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    Research Grants Awarded

    Estrogen Receptor -Tumor Suppressor p53 Interaction: A Basis for Novel Therapeutic Strategies against Breast Cancer

    Study Section:
    Tumor Cell Biology II

    Scientific Abstract:
    Background: It is well documented that estrogen receptor alpha (ERa) and p53 tumor suppressor protein play important roles in normal breast development and function as well as in the onset and progression of breast cancer. However, whether there is a direct link between these two antagonistic pathways is not known. While addressing this important issue, we have discovered a novel function of ERa: it can antagonize p53 tumor suppressor function by direct interaction. Objective/Hypothesis: Based on our data, I hypothesize that ERa antagonism toward p53 plays a major role in breast oncogenesis. Further, based on our observation that radiation and drugs such as tamoxifen and fulvestant can disrupt the ERa-p53 interaction and our clinical observation that p53 is associated with better response to tamoxifen therapy in breast cancer patients, I propose to investigate the mechanism of ER-p53 interaction and disruption as well as its consequences in human breast cancer cells. Specific Aims: (1) Delineate domains required for ERa-p53 interaction and analyze the mechanism of interaction and disruption of interaction (2) Analyze the effect of 17-b estradiol, tamoxifen, fulvestrant (ICI 182780), and adraimycin on ERa-p53 interaction and subsequent cellular effects in the absence and presence of radiation in cells with or without HER2 over-expression. (3) Investigate the effect of ERa-p53 interaction on tumor growth of MCF7 breast cancer cell xenograft in mice. Study Design: We will analyze ER-p53 interaction in MCF-7 human breast cancer cells that have both wild type ER and p53. We will use RNAi technology to knockdown ERa and p53 separately in breast cancer cells followed by chromatin immunoprecipitation ChIP) assays and quantitative real time PCR, and transfection assays to analyze the interaction and its functional consequences under various conditions. Effect on cell cycle arrest and apoptosis will be investigated. The cellular studies will be complemented with xenograft studies. Potential outcomes and Benefits of the Research: The proposed experiments could provide important insight into why wild type p53 cannot exert its tumor suppressive function in ER-positive tumors. Further, this study looking at ER function from a novel angle should shed light on the complex issue of resistance to tamoxifen and may help to formulate new therapeutic and preventive strategies.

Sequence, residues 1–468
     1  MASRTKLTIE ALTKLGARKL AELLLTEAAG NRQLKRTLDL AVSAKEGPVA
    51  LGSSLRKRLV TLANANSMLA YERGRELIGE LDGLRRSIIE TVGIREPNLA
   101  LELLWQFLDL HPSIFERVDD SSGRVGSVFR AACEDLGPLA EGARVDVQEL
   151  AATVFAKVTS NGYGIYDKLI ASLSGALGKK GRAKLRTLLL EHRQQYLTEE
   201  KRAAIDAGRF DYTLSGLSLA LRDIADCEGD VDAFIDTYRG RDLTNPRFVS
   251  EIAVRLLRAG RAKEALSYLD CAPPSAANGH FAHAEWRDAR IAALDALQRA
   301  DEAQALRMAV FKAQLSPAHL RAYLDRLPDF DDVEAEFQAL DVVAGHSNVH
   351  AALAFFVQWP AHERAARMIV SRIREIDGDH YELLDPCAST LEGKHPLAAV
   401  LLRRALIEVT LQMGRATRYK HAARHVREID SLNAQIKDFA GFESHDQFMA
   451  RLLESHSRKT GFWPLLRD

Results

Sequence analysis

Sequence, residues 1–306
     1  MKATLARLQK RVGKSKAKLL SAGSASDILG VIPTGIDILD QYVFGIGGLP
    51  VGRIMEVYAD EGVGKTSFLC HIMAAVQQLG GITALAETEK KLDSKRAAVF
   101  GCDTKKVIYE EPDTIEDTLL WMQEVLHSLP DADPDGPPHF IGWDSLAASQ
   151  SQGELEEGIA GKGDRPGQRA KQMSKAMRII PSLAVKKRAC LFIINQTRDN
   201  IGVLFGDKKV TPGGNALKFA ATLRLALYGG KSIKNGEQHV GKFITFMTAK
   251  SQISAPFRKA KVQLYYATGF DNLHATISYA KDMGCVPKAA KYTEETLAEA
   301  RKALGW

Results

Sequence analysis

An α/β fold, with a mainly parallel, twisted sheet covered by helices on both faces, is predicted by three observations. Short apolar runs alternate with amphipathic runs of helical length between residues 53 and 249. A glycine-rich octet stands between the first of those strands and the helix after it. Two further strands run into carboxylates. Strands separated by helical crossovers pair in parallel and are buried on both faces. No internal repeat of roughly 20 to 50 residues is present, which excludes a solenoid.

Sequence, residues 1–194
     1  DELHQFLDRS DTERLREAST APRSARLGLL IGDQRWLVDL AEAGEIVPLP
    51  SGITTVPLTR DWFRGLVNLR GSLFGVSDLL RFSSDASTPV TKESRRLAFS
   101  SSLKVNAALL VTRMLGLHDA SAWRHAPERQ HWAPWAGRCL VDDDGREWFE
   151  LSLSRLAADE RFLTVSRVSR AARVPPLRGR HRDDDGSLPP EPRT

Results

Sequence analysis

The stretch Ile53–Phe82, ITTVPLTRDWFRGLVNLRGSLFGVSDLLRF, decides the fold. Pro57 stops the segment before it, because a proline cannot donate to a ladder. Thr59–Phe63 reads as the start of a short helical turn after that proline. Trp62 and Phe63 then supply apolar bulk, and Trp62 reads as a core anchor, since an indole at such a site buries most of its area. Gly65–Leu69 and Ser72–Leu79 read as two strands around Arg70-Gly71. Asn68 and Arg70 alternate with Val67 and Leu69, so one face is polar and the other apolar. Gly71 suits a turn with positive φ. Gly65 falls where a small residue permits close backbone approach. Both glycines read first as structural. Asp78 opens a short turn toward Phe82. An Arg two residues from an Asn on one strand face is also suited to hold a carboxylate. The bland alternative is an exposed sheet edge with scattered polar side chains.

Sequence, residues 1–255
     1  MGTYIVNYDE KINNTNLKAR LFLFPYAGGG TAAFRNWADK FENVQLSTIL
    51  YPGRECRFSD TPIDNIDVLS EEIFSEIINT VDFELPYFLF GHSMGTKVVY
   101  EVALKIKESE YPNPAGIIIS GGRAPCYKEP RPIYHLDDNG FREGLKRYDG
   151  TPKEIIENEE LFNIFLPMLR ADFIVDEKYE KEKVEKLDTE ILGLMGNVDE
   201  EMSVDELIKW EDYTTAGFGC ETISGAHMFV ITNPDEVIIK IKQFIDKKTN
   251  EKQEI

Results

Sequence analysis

Lay Abstract:
    Background: Estrogen receptor (ER) plays an important role in stimulation of breast cancer development by estrogen. p53 tumor suppressor protein, on the other hand, is a negative regulator of cell proliferation. However, whether there is a direct link between these two antagonistic pathways is not known. While addressing this important issue, we have discovered that ER represses p53 tumor suppressor function by direct interaction. Our clinical data on breast cancer patients are consistent with this cellular and molecular data. Objective/Hypothesis: Based on our data, I hypothesize that ER antagonism toward p53 plays a major role in breast oncogenesis. Further, based on our observation that radiation and drugs such as tamoxifen and fulvestrant can disrupt the ER-p53 interaction and our clinical observation that presence of normal (wild type) p53 in tumors enhances response to tamoxifen therapy in breast cancer patients, I propose to investigate the mechanism of ER-p53 interaction and disruption as well as its consequences in human breast cancer cells. Specific Aims: The first specific aim will analyze the regions of ER and p53 required for interaction. The second specific aim will address the effects of estrogen and breast cancer drugs tamoxifen, fulvestrant, and adriamycin (doxorubicin) on interaction between ER and p53 in the absence and presence of radiation and their physiological consequences in breast cancer cells. We will also investigate whether HER2 over expression alters the effect of radiation or antihormonal drugs on ER-p53 interaction. Under the third specific aim, we propose to grow human breast cancer cells in mice (xenograft) for analyzing the effects of ER-p53 interaction on tumor growth and response to tamoxifen and radiation therapies. Study Design: We will use state-of-the-art cellular and molecular biological techniques to analyze ER-p53 interaction and its functional consequences under various conditions including selective knock down of ER or p53 in MCF-7 human breast cancer cells. The cellular studies will be complemented with xenograft studies. Potential outcomes and Benefits of the Research: The proposed experiments could provide important insight into why normal p53 cannot exert its tumor suppressive function in ER-positive tumors. Further, this study on ER and p53 function from a novel angle should shed light on the complex issue of resistance to tamoxifen and may help to formulate new therapeutic and preventive strategies.